New Europeans

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So we are talking about the European Union again.

Some might say we never stopped but the decision we make on this issue at this weekend’s Federal Conference is one of the most important the party has made in many years. In doing so I hope those present bear in my mind that, although the overwhelming majority of Lib Dem activists and members are pro EU, that is not the case amongst the electorate at large.

Conference fever, something I am all too familiar with, resulted in the adoption of the Revoke policy last year; a decision that no one at the top of the party seemed to be in favour of after a disastrous General Election defeat.

What needs to be understood is there is a strand of euroscepticism in Britain that stretches back decades, which is why we didn’t join the Common Market when it was formed and also why Harold Wilson held a referendum in 1975. At that point it was probably fair to say that there was majority support for economic links with our European neighbours; I would argue that it is quite likely that there still is. The transformation of the market into a political union was never put to the people and after Maastricht in 1992 British euroscepticism took on a new lease of life which culminated in the 2016 decision in favour of Brexit.

Now I am not arguing for a minute that because there is a view in society we as Liberals should embrace it. If that was the case we could well end up supporting things like the reintroduction of capital punishment. We do however have to recognise reality and that means leading on any proposal to rejoin the EU anytime soon is at best problematic. It would almost certainly leave us being accused of being anti democratic as we were in 2019 and a hammering at the polls would be the inevitable result.

Voters won’t miss being part of the political construct that is the EU. I haven’t heard anyone lamenting the loss of the European Parliament with perhaps the exception of some of those who used to sit there. The Economy is an entirely different matter and that is where the focus of a pragmatic Liberal Party should be.

A future trade deal with the USA poses a real threat to food standards and a large section of the electorate is alive to that. So I say let us be New Europeans, which means keeping all our internationalist principles but focusing on the bread and butter issues that affect ordinary people. If we do want to re-establish relations with our European neighbours then it should be via the Single Market and Customs Union. Advocating a referendum on that would almost certainly bring other progressive parties on board and more importantly the majority of the people we represent. A winning formula perhaps.

 

* David is a member of Horsham and Crawley Liberal Democrats

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23 Comments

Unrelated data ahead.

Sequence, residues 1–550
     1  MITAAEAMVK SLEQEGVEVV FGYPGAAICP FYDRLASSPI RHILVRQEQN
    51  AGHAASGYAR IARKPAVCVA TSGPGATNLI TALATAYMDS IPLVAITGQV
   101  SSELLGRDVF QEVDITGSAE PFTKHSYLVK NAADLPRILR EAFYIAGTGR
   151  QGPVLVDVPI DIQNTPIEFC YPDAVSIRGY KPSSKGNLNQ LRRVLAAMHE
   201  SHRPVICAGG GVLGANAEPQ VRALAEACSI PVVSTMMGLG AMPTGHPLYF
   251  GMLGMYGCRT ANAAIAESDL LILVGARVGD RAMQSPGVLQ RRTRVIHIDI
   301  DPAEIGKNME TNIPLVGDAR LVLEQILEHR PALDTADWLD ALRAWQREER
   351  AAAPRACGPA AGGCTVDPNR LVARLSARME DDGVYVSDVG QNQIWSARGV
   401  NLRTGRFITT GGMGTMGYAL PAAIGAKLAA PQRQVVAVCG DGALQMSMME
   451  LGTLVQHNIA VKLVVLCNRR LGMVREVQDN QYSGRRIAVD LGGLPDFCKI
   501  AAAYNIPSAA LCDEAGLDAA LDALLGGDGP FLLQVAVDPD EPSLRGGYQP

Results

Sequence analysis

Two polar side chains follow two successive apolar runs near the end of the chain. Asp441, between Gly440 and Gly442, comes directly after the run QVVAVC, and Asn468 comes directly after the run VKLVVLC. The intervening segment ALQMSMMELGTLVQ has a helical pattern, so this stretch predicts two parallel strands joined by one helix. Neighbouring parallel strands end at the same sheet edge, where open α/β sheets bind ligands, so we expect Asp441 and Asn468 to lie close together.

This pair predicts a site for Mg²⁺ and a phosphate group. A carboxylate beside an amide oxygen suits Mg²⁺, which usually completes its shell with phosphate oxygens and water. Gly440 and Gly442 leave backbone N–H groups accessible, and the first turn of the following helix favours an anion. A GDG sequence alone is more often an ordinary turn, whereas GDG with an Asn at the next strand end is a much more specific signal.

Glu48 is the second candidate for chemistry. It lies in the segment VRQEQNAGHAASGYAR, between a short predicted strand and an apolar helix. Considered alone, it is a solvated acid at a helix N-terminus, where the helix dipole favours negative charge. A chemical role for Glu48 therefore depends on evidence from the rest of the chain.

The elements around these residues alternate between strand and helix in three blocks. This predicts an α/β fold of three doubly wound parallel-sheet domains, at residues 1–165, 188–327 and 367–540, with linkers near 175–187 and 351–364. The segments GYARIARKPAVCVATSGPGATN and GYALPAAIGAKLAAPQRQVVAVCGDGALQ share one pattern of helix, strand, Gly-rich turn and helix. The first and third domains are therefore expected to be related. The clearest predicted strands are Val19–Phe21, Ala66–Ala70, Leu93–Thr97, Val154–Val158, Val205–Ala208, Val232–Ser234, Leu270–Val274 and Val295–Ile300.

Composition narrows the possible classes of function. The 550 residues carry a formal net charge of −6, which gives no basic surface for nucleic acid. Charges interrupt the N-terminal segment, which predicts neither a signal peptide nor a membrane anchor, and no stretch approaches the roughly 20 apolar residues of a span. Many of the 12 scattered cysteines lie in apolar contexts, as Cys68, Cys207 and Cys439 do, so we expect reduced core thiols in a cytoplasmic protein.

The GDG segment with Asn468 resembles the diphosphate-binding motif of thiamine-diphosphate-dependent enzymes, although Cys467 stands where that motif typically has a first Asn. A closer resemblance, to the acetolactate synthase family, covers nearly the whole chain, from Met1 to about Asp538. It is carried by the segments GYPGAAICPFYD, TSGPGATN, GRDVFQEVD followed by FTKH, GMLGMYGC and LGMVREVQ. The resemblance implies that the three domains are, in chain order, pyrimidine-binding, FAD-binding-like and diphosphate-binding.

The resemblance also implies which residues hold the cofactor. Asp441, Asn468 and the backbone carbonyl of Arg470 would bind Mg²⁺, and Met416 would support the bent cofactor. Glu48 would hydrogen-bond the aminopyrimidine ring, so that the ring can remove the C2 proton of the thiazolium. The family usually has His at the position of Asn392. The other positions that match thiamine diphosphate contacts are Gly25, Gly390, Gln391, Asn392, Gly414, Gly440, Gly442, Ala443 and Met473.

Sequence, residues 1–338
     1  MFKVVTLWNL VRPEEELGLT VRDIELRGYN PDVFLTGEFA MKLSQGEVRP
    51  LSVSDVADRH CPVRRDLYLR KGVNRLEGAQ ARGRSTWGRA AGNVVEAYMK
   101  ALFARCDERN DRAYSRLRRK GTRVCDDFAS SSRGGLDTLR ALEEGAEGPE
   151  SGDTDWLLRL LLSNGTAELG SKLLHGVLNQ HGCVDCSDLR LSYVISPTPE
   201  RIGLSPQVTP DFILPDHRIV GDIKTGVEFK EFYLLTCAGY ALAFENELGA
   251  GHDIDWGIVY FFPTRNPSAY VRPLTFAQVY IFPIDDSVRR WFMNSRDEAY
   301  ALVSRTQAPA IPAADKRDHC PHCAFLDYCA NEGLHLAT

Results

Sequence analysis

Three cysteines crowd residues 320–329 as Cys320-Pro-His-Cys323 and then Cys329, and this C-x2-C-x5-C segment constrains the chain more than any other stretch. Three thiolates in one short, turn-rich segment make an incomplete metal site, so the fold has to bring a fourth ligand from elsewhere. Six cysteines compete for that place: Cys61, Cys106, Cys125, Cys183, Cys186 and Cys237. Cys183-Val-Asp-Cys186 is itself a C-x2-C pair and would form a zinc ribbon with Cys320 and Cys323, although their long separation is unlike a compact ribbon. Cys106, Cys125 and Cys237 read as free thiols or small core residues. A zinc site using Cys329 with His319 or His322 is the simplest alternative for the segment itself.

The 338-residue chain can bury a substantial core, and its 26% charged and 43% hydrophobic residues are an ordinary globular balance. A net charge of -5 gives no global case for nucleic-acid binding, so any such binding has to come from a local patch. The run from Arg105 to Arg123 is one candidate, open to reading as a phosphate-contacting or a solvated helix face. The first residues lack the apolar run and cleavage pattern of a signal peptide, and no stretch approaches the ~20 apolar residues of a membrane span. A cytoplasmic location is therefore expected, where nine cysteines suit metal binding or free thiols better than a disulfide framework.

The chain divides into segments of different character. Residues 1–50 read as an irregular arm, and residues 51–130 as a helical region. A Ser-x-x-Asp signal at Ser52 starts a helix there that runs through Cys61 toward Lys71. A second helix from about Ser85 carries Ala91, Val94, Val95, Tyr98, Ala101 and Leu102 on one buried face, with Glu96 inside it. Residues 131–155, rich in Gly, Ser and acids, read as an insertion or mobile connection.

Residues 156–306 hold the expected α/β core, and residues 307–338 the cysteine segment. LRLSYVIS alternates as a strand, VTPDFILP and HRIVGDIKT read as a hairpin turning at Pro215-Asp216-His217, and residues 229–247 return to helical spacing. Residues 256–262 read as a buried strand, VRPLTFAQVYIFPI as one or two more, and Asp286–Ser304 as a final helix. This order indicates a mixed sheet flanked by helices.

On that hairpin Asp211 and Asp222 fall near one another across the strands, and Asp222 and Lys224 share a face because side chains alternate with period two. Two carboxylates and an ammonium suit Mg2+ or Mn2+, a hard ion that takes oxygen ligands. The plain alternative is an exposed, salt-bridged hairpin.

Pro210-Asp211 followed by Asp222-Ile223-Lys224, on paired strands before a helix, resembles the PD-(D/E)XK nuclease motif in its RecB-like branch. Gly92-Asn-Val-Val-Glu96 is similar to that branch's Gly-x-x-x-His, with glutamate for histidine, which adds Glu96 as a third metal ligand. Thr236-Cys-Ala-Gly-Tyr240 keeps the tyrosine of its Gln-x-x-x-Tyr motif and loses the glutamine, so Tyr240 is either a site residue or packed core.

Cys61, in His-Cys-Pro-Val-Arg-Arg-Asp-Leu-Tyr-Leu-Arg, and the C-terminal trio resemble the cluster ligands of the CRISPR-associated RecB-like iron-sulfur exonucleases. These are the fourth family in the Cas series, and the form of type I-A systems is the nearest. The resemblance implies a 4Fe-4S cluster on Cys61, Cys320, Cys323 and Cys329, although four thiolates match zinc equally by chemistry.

• Paul Barker 24th Sep '20 - 5:11pm

    Well, no actually.
    The basic division on Brexit in The UK has hardly altered over the last 4 Years, its still a 50/50 split between Pro & Anti EU.
    It is true that only half of The “Remain” part want to Rejoin Now, Pro Europeans are tired & demoralised. However that still gives us around a quarter of the Voters to work with, 4 times as many as back us right now.
    The first job of any Party is to win over the Voters who already agree with it, until we have done that then trying to win over Non-Liberals is a waste of time & money.
    Our job for the next Decade is to persuade Voters who already agree with most of what we stand for to actually Vote for us & trimming our sails to fit in with the other 75% of The UK wont help us do that, it will simply spread confusion & apathy among those who may be ready to listen to us.

  • Denis Mollison 24th Sep '20 - 6:12pm

    “I haven’t heard anyone lamenting the loss of the European Parliament with perhaps the exception of some of those who used to sit there.”

    Well, I do: it needed more powers, but you need to start somewhere. We’re in desperate need of democratic cooperation at the international level, and this was a good start: elected by proportional representation (even in both parts of Ireland by STV), and with a standard of informed and constructive debate much higher than that of our own parliament.

  • Nothing for us here. Make the Conference focus on Social issues with one or two proposals that catch the eye.

  • There are three groups. There are those who want us to make our own decisions as far as possible and trade, collaborate and cooperate with others without conceding sovereignty.

    There are Lib Dems, you can define the attraction much better than this Brexiteer.

    There are those who voted Remain purely because Project Fear was effective or because they had specific fears because of their own financial situation. Many people fear change and did not want the uncertainty of Brexit. The important point about this category is that they voted for practical or financial reasons not for any love of the EU.

    I would say that Euroscepticism is in the majority with regard to ideological considerations. Now that Brexit has (more or less) happened that would be the voting position too.

  • Peter Martin 25th Sep '20 - 4:34am

    @ Paul Barker,

    “its still a 50/50 split between Pro & Anti EU.”

    The roughly 50% split was about whether the UK should have been members of the EU under the previous terms. Those who were in favour weren’t necessarily pro EU. The argument was that we were better off in than out. Those who were against weren’t necessarily anti-EU. What might make sense for countries on the the European mainland doesn’t necessarily make sense for us. We, including most Remainers, were never sold on the idea of the political project. We effectively started the leaving process when we didn’t adopt the euro.

    In any case, those terms won’t be on offer again. So just what the result of the same referendum would be now is both highly hypothethical and irrelevant. We are where we are, as they say. We have to make the best of it.

  • Drew Durning 25th Sep '20 - 10:12am

    One of the main reasons I am a member of the LibDems is that the party has been a positive pro-European voice within a political and media environment that has often been rabidly negative and Eurosceptic. While I agree that as a party we offer a lot more than just a pro-Europe policy, it is fundamental to our future that we do offer the most positive rejoin policy of the mainstream British parties. Anything less is “for the birds”.
    The ideological madness of Johnson and Gove becomes more evident every day and will be baked into everyday life after the end of the year. Every aspect of that: the value of the pound, the relative performance of the economy, permits for lorries to enter Kent, price inflation due to tariffs etc etc is an opportunity to point out to the electorate that Brexit is a disaster and that the LibDems have the answer
    That answer should be a two referendum solution. One on the decision to negotiate and one on the negotiated solution. Timing should be based on the earliest point at which a majority can be found in Parliament for this